At around 3am one morning I figured that my living room needed a medieval weapon to make it complete.
The next step was deciding I needed to make it myself.
The third was finding a place that would let me do this quickly before sanity and sobriety got home and asked what the fuck was I thinking. Fortunately the internet was there to help and I came across the Forge of Avalon.
I fired a mail and booked in before telling my boss I needed a few days off to go and forge a sword. He was in agreement this was a thing that should happen.
I had no idea what to expect. I figured that at the end of day one I’d be lauded as a an exceptionally talented prodigy and flush with success be retroactively added to the history books as the greatest smith the world as ever known.
On a more honest level I knew that I’d suck.
I flew over to Glastonbury and met with Kate who handles the front end of the business. She’s an absolutely delightful woman who just looks mischievous and has an accent that can’t help but bring stories to life.
Then I met Richard, the Master Swordsmith and got a new found appreciation for why Kate is so good. Rich is not a PR person. He’s bellicose and booming and intensely protective of his craft. Shaking his hand was like meeting a mountain. I had an instant respect for him and by the end of the first day an absolute awe of smithing as a whole.
Long hot hours spent hammering on steel and being bellowed at for my incompetence were not in the brochure but they were appreciated. This wasn’t a simple task, it wasn’t fun. It was hard work and every criticism and moment spent watching as Rich, roll up in hand, inspected my work was draining.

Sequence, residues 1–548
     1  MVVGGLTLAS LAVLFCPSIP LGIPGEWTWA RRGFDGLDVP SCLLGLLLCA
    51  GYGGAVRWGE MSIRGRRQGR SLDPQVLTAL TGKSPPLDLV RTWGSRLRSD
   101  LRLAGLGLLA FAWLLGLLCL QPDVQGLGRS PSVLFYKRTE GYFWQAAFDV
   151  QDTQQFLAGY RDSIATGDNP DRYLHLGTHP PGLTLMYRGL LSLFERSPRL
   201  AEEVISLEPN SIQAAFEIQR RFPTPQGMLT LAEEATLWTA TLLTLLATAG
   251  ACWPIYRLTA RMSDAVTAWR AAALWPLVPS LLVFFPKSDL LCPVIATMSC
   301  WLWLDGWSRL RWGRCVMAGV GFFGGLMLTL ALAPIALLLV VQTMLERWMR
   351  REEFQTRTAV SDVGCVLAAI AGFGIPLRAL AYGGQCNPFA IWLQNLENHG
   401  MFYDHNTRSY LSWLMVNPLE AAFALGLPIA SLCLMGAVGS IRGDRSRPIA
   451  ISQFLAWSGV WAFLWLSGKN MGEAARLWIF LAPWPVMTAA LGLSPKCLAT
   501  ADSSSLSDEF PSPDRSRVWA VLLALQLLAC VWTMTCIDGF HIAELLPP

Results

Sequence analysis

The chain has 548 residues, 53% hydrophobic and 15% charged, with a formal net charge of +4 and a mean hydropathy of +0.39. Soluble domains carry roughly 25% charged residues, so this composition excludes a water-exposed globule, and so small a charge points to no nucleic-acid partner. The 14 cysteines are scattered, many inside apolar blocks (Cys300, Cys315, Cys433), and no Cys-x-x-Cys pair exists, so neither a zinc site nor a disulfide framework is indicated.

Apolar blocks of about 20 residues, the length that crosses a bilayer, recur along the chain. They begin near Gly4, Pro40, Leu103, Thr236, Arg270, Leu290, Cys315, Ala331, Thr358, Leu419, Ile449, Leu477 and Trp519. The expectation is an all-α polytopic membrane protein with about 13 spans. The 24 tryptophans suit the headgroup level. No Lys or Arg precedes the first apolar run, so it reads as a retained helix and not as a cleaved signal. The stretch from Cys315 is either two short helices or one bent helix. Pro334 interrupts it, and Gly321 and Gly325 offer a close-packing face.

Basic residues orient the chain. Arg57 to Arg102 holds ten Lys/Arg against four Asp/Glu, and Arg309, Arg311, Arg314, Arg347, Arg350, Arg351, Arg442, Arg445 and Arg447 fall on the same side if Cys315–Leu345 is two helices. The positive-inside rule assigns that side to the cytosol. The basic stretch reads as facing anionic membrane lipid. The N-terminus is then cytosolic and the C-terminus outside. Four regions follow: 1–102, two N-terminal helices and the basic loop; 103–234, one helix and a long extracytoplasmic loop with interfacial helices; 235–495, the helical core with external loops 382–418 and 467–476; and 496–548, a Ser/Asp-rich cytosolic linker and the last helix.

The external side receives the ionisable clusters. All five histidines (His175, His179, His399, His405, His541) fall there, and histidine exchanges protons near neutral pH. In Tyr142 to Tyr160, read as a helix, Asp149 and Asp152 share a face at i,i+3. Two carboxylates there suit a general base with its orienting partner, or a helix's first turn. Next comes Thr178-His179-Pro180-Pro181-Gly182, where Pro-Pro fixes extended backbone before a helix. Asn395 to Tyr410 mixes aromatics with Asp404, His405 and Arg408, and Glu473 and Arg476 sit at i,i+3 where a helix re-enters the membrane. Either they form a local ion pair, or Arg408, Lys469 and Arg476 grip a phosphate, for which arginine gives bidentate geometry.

At the end of the second day we got roaring drunk and smashed cans with a sledgehammer. I challenged Rich to hammer flat empty cans of Carling. The loser would have to down several full cans. Unsurprisingly, I failed and got even more intoxicated. We talked long into the night. Arguing and agreeing and giving me perspectives on my own life I hadn’t even considered.
At 5 am I walked back to my bed and breakfast through pitch darkness and decided to scale Glastonbury Tor with a gas lamp. There are llamas there and they scared the shit out of me. I was found passed out and babbling on the doorstep of the B&B and a few hours later I was back at the forge with a legal obligation not to use any machinery.
I sweated, I shuddered and I kept at it.
When all was done I was immensely proud and exhausted. There’s so much cheddar in what I’m about to write that mice all across Dublin are heading to my house but it’s so true. It wasn’t about forging the sword it was about breaking down myself.
I named the blade Trust because you can have faith in humanity. You can trust people to be good. You have to have belief that against our biases and weaknesses there is something brighter. Trust in people.
Kate and Richard are two exceptional people and forging Trust was one of the most wonderful experiences of my life.
It wasn’t fun and it wasn’t easy but it was time well spent and treasured. The most fulfilling things we do are sometimes crazy and ill advised and we can’t even really explain why we wanted to do them in the first place.
Go a little wild and seek an adventure. It’s worth it.